It is important to note that some county clerks in Colorado may require wedding officiants to attach a statement which asserts some of the elements in the marriage license upon submission, including the following:
- The time and location at which the wedding took place
- The names and places of residence of all official witnesses
- The religious organization in which the officiant is ordained
- The printed name and address of the officiant
Please note that, when filling out a marriage license, that Colorado State may request you use the title "Minister" or "Reverend". The County Clerks may also require you enter your denomination, you can use "Non-Denominational". Failing to state a denomination may result in rejection and could require a duplicate marriage license.
Step 4 - How to Perform the Wedding
How to perform a wedding in Colorado
Once you have completed of the above, you are ready to perform the wedding! Be sure that the couple has picked up their Colorado state issued marriage license from the appropriate office. Colorado marriage licenses valid for a set number of days, and there may be a waiting period between when the couple receives the marriage license in Colorado and when the ceremony may be legally performed in Colorado. This information should be written on the license and followed to ensure the ceremony is recorded properly.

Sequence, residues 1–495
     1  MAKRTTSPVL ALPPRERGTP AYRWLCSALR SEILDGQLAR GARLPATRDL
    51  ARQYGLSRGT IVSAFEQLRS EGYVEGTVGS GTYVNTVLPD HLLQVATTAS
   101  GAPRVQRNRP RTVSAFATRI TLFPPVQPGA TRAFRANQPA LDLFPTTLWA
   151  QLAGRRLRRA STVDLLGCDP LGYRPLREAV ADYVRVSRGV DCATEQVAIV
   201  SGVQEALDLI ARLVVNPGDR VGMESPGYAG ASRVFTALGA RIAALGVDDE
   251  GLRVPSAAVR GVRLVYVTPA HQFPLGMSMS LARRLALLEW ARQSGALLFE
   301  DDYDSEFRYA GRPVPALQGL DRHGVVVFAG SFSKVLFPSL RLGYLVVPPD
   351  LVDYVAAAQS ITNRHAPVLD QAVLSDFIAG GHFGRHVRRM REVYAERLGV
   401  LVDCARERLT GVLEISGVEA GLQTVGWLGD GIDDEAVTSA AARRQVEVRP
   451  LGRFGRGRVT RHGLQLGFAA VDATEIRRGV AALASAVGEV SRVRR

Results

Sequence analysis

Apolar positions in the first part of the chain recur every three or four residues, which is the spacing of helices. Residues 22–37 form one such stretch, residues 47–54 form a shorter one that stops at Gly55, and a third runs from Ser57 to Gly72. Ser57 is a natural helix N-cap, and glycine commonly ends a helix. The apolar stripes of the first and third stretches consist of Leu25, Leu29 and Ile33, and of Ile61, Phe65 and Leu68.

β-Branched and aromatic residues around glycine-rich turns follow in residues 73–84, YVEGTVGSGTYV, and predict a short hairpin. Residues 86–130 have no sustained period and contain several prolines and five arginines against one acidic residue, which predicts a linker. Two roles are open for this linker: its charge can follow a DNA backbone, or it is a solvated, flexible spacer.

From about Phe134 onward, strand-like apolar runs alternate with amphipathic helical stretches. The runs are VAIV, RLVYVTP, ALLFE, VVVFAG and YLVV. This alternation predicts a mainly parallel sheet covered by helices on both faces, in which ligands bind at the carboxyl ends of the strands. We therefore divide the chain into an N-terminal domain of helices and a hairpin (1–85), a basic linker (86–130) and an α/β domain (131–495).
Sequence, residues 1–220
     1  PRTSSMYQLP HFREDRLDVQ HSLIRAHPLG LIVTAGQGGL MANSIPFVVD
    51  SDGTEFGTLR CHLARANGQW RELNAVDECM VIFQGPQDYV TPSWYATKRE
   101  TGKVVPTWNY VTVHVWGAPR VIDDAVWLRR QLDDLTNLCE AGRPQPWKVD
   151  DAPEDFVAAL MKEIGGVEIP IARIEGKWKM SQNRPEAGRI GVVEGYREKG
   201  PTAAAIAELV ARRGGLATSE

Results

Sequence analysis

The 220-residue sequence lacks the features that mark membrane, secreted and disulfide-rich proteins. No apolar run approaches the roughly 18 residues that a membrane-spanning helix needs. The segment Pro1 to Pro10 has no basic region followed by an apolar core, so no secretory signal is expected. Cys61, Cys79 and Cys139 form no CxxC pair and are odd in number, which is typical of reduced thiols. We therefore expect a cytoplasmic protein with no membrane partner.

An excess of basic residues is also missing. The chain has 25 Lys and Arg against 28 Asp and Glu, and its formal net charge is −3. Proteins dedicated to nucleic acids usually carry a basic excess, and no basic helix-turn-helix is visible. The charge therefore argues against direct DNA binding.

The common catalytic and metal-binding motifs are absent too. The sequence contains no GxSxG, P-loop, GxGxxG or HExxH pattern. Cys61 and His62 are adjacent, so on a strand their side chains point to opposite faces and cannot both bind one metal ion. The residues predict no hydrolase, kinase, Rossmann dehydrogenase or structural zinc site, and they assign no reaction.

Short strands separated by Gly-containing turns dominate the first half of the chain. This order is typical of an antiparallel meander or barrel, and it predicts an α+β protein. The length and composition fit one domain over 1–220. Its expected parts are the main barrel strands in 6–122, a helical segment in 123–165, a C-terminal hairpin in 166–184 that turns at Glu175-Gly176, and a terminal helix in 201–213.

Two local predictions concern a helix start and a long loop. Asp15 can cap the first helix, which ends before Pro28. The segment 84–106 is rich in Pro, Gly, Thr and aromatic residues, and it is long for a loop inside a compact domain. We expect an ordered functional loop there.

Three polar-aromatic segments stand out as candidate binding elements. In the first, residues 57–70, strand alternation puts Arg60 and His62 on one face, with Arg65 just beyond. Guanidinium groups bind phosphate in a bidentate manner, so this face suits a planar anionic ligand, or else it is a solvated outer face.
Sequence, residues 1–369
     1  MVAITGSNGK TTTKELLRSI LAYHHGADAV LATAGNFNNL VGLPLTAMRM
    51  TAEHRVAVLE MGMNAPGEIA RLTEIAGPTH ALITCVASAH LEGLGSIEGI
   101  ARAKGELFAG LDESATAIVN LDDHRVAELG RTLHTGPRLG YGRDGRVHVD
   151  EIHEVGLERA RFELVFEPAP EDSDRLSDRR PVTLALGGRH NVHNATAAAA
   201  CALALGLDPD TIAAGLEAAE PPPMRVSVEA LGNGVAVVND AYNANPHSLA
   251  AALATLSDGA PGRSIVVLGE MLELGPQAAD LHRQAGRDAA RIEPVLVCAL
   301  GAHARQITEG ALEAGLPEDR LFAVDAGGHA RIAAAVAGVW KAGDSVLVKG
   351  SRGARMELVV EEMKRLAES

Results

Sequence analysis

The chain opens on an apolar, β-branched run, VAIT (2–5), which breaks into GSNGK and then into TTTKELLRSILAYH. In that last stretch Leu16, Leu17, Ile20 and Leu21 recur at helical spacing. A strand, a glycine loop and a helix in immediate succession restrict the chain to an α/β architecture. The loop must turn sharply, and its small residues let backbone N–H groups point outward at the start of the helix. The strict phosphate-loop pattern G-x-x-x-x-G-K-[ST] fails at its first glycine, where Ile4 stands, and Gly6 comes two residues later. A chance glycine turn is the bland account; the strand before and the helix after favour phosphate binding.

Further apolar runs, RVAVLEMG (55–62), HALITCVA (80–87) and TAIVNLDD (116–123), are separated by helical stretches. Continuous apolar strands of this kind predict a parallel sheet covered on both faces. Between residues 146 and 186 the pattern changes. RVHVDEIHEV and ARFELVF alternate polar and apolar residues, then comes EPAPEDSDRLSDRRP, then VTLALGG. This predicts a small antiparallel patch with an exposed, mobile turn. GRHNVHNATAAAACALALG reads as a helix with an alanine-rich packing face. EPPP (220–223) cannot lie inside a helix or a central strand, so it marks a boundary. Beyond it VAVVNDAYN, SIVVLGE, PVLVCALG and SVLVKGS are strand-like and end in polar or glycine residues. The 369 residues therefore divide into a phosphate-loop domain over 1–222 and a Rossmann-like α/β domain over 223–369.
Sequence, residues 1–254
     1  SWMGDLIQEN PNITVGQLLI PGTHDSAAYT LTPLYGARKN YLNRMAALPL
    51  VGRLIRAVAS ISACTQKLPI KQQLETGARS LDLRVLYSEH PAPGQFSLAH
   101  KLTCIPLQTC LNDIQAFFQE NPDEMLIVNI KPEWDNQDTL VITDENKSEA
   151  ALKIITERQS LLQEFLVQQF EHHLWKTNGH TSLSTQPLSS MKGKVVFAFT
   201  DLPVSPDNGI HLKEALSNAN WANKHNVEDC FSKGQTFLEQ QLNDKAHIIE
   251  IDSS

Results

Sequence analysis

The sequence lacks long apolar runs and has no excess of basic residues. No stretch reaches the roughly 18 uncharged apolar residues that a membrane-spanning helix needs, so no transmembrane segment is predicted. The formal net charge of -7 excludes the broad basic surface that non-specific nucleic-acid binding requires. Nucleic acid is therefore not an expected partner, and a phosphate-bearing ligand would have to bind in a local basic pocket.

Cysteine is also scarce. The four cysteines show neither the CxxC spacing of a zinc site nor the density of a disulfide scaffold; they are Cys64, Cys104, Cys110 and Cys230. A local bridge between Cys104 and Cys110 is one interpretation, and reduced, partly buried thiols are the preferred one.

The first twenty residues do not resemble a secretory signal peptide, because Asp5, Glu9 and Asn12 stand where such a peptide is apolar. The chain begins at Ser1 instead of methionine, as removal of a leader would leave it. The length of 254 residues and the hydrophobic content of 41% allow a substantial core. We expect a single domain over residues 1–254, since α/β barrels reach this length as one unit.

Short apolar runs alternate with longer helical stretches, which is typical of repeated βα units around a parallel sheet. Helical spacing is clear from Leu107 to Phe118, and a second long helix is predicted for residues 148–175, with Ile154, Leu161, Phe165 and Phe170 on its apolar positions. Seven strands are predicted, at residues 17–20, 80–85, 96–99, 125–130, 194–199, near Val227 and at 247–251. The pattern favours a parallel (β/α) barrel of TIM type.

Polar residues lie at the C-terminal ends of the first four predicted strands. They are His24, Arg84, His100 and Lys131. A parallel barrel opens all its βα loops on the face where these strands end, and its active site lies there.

Please be aware that the signed license must be returned to the issuing office in Colorado before the time limit is reached. Check the marriage license for the exact dates. Once the the previous matters have been addressed, officiating a wedding in Colorado can be a great and wonderful experience.
If you have any comments or issues as a wedding officiant in Colorado, or after you have been ordained, or would like to just asking for guidance on how to perform a wedding ceremony in Colorado. We recommend that all new Colorado wedding ministers who have issues or concerns about the ceremony read over our helpful guides.
14-2-109 Solemnization and registration